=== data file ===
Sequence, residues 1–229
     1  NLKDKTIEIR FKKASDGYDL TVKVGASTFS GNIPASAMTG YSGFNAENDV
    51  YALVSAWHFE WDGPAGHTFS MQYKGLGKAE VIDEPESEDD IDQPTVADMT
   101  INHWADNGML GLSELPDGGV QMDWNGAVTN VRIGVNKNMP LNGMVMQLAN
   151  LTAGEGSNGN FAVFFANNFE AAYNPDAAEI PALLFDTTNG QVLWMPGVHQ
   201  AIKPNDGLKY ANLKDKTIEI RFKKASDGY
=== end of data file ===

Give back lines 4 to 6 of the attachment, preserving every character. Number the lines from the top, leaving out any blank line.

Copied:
   101  INHWADNGML GLSELPDGGV QMDWNGAVTN VRIGVNKNMP LNGMVMQLAN
   151  LTAGEGSNGN FAVFFANNFE AAYNPDAAEI PALLFDTTNG QVLWMPGVHQ
   201  AIKPNDGLKY ANLKDKTIEI RFKKASDGY